Most of us think of spring when it comes to actually putting seeds into the soil.
Summers are dedicated to weeding and watering. Planter pots have all been washed and stored away for next spring, along with any leftover potting soil and maybe a bag of vermiculite. But planting season isn’t necessarily over, just because it’s summer.
How much time is left to grow?
The first thing you have to ask yourself before planting in summer is how long of a growing season you have left. If snow falls where you are by mid-October, you will have to pick some pretty fast growing plants before tucking your garden away for the winter.
Here, in San Jose, California, we can plant crops year-round, but the list of plants is very different from one season to the next. Check your Hardiness Zone for first and last frost dates and then check seed packets for days-to-maturity or days-to-harvest information. There’s no sense watering and weeding a plant, only to have it killed by frost or snow before it can produce a harvest.
Cool season crops
In mild regions, summer is the best time to start thinking about cool season crops. Many winter crops take significantly longer than tomatoes and peppers to mature. Giving them a head start in summer means bigger harvests later in the year.
Look at your garden and try to imagine what it will look like in one month, in two months, in mid-winter. As spring crops peak and then fade, you can introduce winter crops under the protective care of your summer garden. In some cases, summer plantings can even give your spring garden a boost.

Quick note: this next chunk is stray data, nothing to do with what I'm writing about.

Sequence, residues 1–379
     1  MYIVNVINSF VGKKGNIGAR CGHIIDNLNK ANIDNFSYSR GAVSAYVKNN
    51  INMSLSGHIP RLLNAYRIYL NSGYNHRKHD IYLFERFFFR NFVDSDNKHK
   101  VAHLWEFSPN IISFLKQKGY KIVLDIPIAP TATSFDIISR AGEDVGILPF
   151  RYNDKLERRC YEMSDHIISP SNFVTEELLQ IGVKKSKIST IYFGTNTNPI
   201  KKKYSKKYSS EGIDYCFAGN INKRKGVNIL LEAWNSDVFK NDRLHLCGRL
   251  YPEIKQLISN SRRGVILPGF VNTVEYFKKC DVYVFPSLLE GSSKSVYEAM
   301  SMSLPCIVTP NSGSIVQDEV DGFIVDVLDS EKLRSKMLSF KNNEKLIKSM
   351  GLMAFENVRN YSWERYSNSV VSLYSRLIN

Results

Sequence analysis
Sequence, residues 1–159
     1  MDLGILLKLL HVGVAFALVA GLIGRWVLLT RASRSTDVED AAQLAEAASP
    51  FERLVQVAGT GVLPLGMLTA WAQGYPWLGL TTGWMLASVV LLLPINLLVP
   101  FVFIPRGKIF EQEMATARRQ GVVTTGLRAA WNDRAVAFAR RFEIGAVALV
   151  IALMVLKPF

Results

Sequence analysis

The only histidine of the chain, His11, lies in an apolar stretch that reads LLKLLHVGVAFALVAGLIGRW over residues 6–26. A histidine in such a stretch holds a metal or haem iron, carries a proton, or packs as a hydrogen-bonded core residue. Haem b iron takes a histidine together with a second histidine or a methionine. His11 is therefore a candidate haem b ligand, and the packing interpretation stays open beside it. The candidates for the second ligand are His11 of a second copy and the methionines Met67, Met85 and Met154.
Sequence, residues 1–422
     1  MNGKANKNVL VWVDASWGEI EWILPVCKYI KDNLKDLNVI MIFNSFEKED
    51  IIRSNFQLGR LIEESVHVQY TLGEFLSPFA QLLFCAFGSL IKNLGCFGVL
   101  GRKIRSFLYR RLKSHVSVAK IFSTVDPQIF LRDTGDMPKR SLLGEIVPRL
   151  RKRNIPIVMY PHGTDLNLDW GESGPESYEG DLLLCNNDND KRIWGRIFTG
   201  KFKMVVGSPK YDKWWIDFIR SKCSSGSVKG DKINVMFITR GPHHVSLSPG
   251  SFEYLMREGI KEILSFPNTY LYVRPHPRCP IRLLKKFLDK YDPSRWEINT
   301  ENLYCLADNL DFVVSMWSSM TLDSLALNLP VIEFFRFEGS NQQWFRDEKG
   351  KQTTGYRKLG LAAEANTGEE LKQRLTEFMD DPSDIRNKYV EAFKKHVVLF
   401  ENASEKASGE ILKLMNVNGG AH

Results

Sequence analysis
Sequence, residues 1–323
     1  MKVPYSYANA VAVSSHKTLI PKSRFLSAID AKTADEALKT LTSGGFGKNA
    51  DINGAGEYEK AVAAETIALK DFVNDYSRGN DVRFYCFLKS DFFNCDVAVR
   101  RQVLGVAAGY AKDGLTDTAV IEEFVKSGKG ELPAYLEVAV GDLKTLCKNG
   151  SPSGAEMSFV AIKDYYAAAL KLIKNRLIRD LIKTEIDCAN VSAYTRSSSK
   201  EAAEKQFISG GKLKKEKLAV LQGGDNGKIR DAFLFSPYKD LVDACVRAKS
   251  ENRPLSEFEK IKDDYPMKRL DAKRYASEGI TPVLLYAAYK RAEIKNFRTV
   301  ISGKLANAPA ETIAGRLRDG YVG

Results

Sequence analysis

Most gardeners know that beans and other legumes are able to fix atmospheric nitrogen in nodules on their roots, with the help of certain soil bacteria. Once these plants start flowering, that nitrogen is no longer available. Up to that point, any neighboring plants will benefit from the extra nitrogen, giving them extra nutrients as they near the end of their productive lives.
If you live in Zone 9b, or tend to have mild winters, July is your last chance to plant beans for the year. Find space for one more planting. These beans will be ready to harvest long after any spring planted beans will have worn themselves out. They will also provide nitrogen to whatever is growing nearby.
Late summer is a good time to plant fava beans, another legume. These hardy legumes grow quickly, adding nitrogen to the soil and helping break up our heavy, compacted soil with their sturdy roots. The pods are pretty delicious, too.
Zone 9b summer plantings
While mid-summer is too late to start any more tomatoes, peppers, or squashes, there are many plants that can be planted twice in the same year in areas with gentle winters. Carrots, cauliflower, chard, cilantro, fennel, kale, kohlrabi, parsnips, peas, radishes, spinach, and turnips are all popular spring plantings that can be sown again in late summer.
Collards, dill, endive, and lettuces will produce an excellent crop if planted in September and October. And Brussels sprouts should be started in summer so that they can be transplanted into the garden by August, September at the latest. The same is true for cabbages, Napa cabbage, leeks, and okra. Chayote fruit can be planted any time during the summer.
By planting year-round, you are providing for the soil microorganisms that help your plants grow. You will also be providing your family with fresh, healthful food without ever leaving your yard.
You can grow a surprising amount of food in your own yard. Ask me how!
To help The Daily Garden grow, you may see affiliate ads sprouting up in various places. These are not weeds. Pluck one of these offers and, at no extra cost to you, I get a small commission. As an Amazon Associate I earn from these qualifying purchases. You can also get my book, Stop Wasting Your Yard!